Sportsbook in the Spotlight
THE CHANGING CASINO SPORTSBOOK ECOSYSTEM
A typical big Strip casino in Vegas (there are 23 of them) accepts about $60 million in bets at their sportsbooks annually, profiting $3.2 million. There are 197 sportsbooks in all.
Of the $4.3 billion bet on sports last year in Nevada, 37% was on football, 28% on basketball and 17% on baseball.
The growth is solid—it’s doubled since 2003.
But this is still peanuts compared to slot machines, which bring in 30 times the revenue and profit.
And slot machines’ popularity has never recovered to its 2007 highs.
Only 4% of first-time visitors to Las Vegas say their primary reason for coming is to gamble.
ORGANIZED CRIME IS AT THE CENTER OF THE DEBATE OVER THE LEGALIZATION OF SPORTS BETTING.
Organized crime’s revenue stream can be cut off by channeling sports betting to legal, licensed operators.
In the UK, fans bet $12.3 billion legally in 2015, contributing $2.2 billion to government coffers.
Legal betting habituates the fans to gambling, then illegal operators recruit the bettors with improved odds or spreads. In its most recent crackdown on illegal gambling dens, INTERPOL conducted 4,000 raids, arresting 4,100 people in 11 countries across Europe and Asia.
Match Fixing Scandals
Few Americans are aware of how prevalent match-fixing scandals are.
68 different match-fixing scandals have been discovered in the last three years, some of which are single-game scandals (a Wimbledon player declaring a bribe attempt), others of which were more pervasive—affecting 15 soccer games in Korea, 19 in Turkey.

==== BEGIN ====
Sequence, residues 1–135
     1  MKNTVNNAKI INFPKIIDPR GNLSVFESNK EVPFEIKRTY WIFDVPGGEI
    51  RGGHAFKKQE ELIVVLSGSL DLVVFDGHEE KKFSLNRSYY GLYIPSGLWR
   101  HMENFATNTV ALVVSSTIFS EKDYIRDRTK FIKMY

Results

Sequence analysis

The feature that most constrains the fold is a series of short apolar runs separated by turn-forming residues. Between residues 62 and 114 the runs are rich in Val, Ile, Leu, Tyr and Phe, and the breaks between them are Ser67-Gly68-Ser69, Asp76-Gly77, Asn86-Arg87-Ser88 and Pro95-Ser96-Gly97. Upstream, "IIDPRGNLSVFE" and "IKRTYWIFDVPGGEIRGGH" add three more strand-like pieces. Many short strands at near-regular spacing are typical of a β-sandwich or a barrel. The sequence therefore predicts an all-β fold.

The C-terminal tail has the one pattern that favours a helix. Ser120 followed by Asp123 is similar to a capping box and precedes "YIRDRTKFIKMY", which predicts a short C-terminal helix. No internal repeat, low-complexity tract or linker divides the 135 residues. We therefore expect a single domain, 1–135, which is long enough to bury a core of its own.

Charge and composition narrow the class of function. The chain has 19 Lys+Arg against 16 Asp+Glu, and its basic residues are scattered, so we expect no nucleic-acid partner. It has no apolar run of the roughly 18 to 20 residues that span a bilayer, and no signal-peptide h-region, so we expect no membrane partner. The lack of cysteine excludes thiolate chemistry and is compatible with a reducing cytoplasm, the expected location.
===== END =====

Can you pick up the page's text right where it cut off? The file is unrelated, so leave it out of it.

An ongoing Europol investigation into a syndicate out of Singapore has revealed bribes in 15 different countries on soccer—including a Champions League game played in England, and qualifiers for both the World Cup and Euros. 700 games are under investigation. 50 people have been arrested; 425 additional team officials, referees and players are under suspicion.
Because bets are placed in one country on games played in another country, the most globalized sports are the most vulnerable—soccer, cricket, tennis and soon, basketball.
PRO LEAGUES’ NEW PARTNERS
Preparing for the era of convergence, pro leagues are making investments and cementing relationships with technology companies that play a role in the betting ecosystem.
NBA & NUMBERFIRE, which uses algorithms to make recommended bets on pro sports.
NFL & SPORTSRADAR, which provides real-time statistics to bookmakers.
MLB & SPORTIM, whose parent company provides software for bookmakers.
HOW SPORTS BETTING COULD BECOME LEGAL IN THE US
Sports betting gets legalized by transforming into something that looks and feels a lot more like fantasy sports.
Daily fantasy plays the role in the process that medical marijuana did, softening people’s preconceptions of betting as a black-market business.
States already run lotteries; in many other countries, sports betting is nationalized. The most common form is sports toto, in which you have to pick all the winners on any given day or weekend—a hybrid of fantasy, gambling and the lottery.
Savvy politicians who don’t want sports teams leaving town will realize that a sports toto game can fund construction of a new stadium. Much like with marijuana, the legality changes state by state.